What Is a Bond?

True Tamplin, BSc, CEPF®

Written by True Tamplin, BSc, CEPF®

Reviewed by Subject Matter Experts

Updated on August 03, 2023

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Bonds Definition

A bond is a certificate of debt issued by a company.

They are purchased by an investor, making them small scale loans held by individuals. Bonds are securities, like stocks.

However, instead of buying a piece of a company in return for equity ownership, bonds provide their return on investment through interest paid on the principal of the bond.

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How Does a Bond Work?

Bonds have three components: the principal, the coupon rate, and the maturity date. These 3 components are used to calculate a bond's yield.

The principal of the bond, also called its face value or par value, refers to the amount of money the issuer agrees to pay the lender at the bond's expiration.

The principal of a bond is usually either $100 or $1000, but on the open market, bonds may also trade at a premium or discount on this price.

The coupon rate is the percentage of the principal paid back to the investor as interest. Whatever the principal is, the coupon rate is a percentage of that value.

The bond maturity date is the date on which the principal must be paid back to the bondholder.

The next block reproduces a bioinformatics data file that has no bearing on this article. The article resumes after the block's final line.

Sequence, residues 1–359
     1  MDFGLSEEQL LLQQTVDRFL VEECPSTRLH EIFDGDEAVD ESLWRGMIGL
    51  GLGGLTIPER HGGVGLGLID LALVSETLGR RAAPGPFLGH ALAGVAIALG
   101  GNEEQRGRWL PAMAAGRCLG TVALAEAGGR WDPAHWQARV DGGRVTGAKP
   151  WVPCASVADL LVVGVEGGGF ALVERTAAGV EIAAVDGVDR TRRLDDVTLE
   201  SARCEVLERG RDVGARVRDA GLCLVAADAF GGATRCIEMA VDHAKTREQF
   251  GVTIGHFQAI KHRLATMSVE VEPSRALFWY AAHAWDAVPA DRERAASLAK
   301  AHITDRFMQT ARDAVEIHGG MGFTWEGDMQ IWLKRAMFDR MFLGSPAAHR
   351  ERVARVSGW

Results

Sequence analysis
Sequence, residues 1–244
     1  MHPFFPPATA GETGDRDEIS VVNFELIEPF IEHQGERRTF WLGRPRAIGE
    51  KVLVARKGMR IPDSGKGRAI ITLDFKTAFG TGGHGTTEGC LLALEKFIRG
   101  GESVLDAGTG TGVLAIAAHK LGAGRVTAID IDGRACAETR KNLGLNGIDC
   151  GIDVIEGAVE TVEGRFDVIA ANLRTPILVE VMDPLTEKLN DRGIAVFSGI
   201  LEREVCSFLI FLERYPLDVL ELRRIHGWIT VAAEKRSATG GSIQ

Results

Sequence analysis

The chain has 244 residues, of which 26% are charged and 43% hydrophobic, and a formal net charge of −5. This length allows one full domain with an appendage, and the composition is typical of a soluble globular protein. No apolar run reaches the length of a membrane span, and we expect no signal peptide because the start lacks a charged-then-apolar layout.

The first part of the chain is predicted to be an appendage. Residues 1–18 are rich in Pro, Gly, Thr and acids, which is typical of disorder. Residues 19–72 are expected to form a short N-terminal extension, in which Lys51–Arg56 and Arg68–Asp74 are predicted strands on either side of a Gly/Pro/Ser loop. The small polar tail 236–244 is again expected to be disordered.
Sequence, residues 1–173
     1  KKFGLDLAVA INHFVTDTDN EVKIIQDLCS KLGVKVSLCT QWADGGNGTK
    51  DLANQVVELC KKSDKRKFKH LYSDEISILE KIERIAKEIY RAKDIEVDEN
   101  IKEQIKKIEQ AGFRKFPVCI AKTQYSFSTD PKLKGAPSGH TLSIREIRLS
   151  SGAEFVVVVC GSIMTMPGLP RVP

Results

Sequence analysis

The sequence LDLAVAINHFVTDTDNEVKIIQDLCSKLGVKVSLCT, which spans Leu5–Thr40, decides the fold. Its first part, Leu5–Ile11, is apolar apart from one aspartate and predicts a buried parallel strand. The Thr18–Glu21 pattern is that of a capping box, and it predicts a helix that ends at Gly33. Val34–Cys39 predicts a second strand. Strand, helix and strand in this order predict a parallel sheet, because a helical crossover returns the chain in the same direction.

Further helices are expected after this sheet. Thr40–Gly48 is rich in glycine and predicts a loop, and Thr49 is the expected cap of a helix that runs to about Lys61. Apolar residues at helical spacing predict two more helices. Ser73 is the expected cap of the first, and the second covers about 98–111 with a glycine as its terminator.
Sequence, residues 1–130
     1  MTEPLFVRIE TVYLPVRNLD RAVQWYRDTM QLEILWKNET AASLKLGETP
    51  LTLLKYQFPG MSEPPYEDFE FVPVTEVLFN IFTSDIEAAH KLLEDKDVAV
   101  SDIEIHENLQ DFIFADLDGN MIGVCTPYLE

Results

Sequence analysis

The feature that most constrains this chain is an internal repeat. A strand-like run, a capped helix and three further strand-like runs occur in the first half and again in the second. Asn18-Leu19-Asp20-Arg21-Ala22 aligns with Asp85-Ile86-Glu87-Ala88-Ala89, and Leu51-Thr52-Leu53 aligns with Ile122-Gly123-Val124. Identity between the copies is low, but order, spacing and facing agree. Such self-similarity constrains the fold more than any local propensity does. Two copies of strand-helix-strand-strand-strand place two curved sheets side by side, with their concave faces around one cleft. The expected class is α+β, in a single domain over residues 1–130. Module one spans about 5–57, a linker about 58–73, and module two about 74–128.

The bond issuer will make interest payments while holding onto the investor's money, and will also pay back the principal of the bond.

Depending on whether the bond was sold at a discount or a premium, the principal of the bond may be slightly higher or lower than the original investment.

Bond Yield

A bond's yield is a measure of its return. The yield is calculated using the bond's current market price (not its principal value) and its coupon rate.

For example, a bond purchased at its face value of $1000 with a coupon rate of 5% returns $50 annually, so its yield is 5%.

If the bondholder later sells the bond to another investor at a premium for $1100, the bond will still return $50 annually, but its yield will be lower. $50 is 4.5% of $1100, so the yield to the new investor is only 4.5%.

If the same bond were to be sold for $900, the yield would be 5.5%.

Therefore, since the maturity date and coupon rate remain constant, the yield only changes based on the market price for a given bond.

Other Factors That Affect Prices and Coupon Rates

A bond's coupon rate can also be affected by the issuer's credit quality and the time to maturity.

Credit quality refers to an estimation of how likely the issuer is to be able to pay the dues of a bond.

Poor credit quality is an indicator that a bond issuer has a high chance of defaulting on the bond, or being financially unable to pay it back.

If a company has a poor credit quality, then the bonds it issues will have a higher than average yield to compensate for the risk.

In this event, even if the prevailing interest rate on bonds is 5%, a company might issue bonds with a coupon rate of 7% to encourage investors to buy riskier debt.

While a high rate of return might look good on paper, an unusually high coupon rate indicates a riskier bond.

Time to maturity is also a risk factor for investors, because the longer a bond is active before being repaid, the more subject it is to changes in the interest market, the credit quality of the issuer, and the influence of unexpected variables.

Why a Bond Price Might Sell at Premium or Discounted rates (Pro Tip)

A bond's price will fall or rise to bring it in line with competing bonds on the market.